From the loamy soil of Woodland Hills, Tony Tasca's vineyard is blooming its way into early fruit. The vines, taut on their supporting wires, are shoulder height. Among the spreading canes and unfolding leaves are tiny grapes the size of broccoli buds, but much greener. There are 100 vines on less than an eighth of an acre, and Tasca knows them all by name.
"I pulled out some rows of good stuff--orange muscat and muscat canalli. Very aromatic and sweet grapes. But the birds and the bees always got them," said Tasca. "So I got tired of fighting and replaced them."
Remaining are rows of Cabernet Sauvignon and French Colombard, Cabernet Franc and Sauvignon Blanc, plus a few experimental and rare varieties unusual anywhere in California.
Tasca is a sturdy man of 72, with a full, dark head of hair and the coloring of someone who likes to spend his free time outside. He's been an aircraft engineer, a San Joaquin Valley farmer and a designer of solar energy systems.
Now he devotes much of his time to growing grapes and making them into wine on a fragment of the half-acre lot surrounding his home near Warner Ranch. The grapes share the land with an assortment of fruit-laden trees and a coop of plump Rhode Island Red hens.
It takes an odd, increasingly rare combination of attitudes, personality and commitment to grow your own wine, even on a small scale.
According to Tasca, who is completing his bachelor's degree in early medieval studies at California State University, Northridge, it also requires a feeling for history, a sense of place, a love of growing. Maybe that's why grape growing isn't a thriving, expanding hobby in Los Angeles, where many homes change hands in less than the three years it takes a vine to produce its first fruit.
And in fact, although grapes flourish, it is nearly impossible to grow great wine grapes in most of Los Angeles County.
"It gets too hot--up to 108 degrees or more," said Tasca on an early spring day when his vineyard was already sweltering in the upper 90s.
This heat eventually evaporates the fruit's acidity, even as it ripens the grape early and concentrates its sugar. The result is a heavily alcoholic vintage of scant character, the kind of wine the critics term "flabby" or "undistinguished."
Tasca says that "a little craftsmanship," meaning addition of fruit acid after harvest, can mitigate the flabbiness.
As few as a dozen people are seriously growing their own wine grapes in Los Angeles County, said Tasca. All of them, so far as he knows, have their plantings in or near the San Fernando Valley. They are the only people on Earth who can bottle wine with the appellation "Grown and Produced in Los Angeles County."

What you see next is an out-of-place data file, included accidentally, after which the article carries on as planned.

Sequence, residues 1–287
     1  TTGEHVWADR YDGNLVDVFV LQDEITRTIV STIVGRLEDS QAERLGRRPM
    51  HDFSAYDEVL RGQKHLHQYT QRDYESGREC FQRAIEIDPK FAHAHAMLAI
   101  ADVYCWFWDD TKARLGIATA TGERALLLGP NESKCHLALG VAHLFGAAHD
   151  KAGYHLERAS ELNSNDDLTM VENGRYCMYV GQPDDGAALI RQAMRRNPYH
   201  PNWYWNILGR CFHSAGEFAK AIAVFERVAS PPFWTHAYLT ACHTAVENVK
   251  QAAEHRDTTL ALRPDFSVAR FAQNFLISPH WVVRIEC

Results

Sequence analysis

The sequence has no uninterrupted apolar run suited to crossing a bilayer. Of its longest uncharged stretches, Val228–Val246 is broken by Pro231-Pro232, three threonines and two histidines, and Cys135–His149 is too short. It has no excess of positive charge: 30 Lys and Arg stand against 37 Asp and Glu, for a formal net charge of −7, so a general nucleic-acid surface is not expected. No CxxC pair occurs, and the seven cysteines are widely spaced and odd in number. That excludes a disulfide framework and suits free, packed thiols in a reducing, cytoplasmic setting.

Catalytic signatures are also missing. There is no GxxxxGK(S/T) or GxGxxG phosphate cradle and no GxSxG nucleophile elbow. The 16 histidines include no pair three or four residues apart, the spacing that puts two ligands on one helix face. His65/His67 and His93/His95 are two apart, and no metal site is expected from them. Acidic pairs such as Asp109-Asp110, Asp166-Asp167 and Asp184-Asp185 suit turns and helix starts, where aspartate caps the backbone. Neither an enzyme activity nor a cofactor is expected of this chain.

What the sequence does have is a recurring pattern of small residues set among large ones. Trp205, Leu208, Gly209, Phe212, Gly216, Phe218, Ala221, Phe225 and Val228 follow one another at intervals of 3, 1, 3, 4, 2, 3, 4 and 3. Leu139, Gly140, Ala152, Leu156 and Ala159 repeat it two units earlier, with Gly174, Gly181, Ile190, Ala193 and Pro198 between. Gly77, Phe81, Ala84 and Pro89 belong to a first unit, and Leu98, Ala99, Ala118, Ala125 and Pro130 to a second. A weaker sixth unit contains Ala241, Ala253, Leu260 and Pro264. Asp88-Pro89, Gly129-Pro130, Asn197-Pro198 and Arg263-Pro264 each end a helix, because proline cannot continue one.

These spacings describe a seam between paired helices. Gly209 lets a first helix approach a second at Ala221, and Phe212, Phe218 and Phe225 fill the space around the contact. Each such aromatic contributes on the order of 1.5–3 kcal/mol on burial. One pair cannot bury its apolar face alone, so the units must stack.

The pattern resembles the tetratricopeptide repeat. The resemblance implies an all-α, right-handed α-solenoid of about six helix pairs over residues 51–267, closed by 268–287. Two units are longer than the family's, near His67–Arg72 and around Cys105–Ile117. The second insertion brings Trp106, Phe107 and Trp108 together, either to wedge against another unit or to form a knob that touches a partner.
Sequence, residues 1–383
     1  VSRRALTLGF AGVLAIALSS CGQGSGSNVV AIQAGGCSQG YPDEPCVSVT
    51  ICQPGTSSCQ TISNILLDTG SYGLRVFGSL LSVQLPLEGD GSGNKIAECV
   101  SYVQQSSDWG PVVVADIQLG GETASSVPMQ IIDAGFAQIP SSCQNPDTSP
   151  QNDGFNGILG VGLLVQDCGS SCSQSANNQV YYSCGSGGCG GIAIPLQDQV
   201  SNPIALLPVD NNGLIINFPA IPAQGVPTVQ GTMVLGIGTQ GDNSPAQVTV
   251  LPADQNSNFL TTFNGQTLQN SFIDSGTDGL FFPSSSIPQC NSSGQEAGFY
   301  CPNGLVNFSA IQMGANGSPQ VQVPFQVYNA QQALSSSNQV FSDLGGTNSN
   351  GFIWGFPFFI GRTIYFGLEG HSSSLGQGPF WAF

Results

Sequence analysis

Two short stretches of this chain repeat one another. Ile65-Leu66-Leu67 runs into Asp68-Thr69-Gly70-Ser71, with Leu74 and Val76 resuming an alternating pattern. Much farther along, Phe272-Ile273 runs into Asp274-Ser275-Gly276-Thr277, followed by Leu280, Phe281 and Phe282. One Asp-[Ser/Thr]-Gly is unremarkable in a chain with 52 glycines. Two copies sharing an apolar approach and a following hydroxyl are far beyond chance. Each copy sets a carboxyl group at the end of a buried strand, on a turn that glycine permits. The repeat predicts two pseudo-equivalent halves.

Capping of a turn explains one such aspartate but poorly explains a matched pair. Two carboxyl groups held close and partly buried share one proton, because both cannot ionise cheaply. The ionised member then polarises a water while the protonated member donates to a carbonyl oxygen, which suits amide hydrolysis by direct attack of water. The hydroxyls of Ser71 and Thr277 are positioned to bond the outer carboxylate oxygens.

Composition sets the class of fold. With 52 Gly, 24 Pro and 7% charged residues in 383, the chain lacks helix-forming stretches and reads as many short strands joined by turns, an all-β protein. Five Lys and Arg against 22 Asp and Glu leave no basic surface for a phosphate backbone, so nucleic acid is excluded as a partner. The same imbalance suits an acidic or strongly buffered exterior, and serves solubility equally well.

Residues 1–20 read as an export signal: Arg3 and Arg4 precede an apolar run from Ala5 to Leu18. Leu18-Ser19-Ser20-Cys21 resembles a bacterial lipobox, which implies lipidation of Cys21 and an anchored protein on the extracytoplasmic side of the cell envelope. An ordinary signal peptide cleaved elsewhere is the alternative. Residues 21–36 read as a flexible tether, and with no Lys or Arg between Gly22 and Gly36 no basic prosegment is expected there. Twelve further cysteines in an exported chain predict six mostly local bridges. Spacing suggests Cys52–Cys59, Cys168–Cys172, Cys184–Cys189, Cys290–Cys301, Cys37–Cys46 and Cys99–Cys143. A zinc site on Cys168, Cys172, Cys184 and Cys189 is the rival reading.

Jess Stevenson, a Teledyne engineer, heads the Cellarmasters Club, which is loosely based in the West Valley-Tarzana-Woodland Hills area. About 120 of the group's 160 members make their own wine, but only a small fraction of them grow their own grapes for even part of their output, Stevenson notes. Most of these people have started their vineyards from cuttings provided by Tasca.
"He's the only real viticulturist in our part of Southern California," said John Daume, who owns the Home Wine Shop on Ventura Boulevard near Fallbrook Avenue.
Tasca briefly owned and operated a small La Crescenta vineyard during World War II. In the 1950s, he gave up a flourishing career as a contract aviation engineer and moved his family to a grape vineyard near Fresno. The venture didn't work out, but he had the grape bug. In the early 1970s, he started again, on a much smaller scale, in his West Valley backyard.
The mulching, cultivation, sulfuring for mildew, spraying for pests and fertilizing and pruning are facets of Tasca's intense involvement. As he shows his visitor through the vineyard, he notes the red pigment in the unfurling green leaf of a "color" variety intended to make red wines darker, the abundance of buds on a rootstock vine that will never bear fruit, the relative sparsity of grapes on a Cabernet vine compared to the heavy bearing of a massive Colombard.
Tasca, after two larger winegrowing ventures, has retrenched in his small, intensely-cultivated vineyard. But according to Daume, it's more usual for Valley vintners to move upscale, even to apply the skills learned in the home winery and back-lot vineyard to professional production.
Has Camarillo Winery
Jim Ahern, for instance, is one of about two dozen former cellar masters who went professional. His San Fernando winery produces some widely acclaimed Chardonnays from Edna Valley grapes. Daume himself has established a Camarillo winery to press grapes from San Luis Obispo County.
Although going professional is a major step in a market that seems literally saturated with quality wine, those who chose to do so are likely to head for the prime Central Coast and Northern California wine country, said Daume.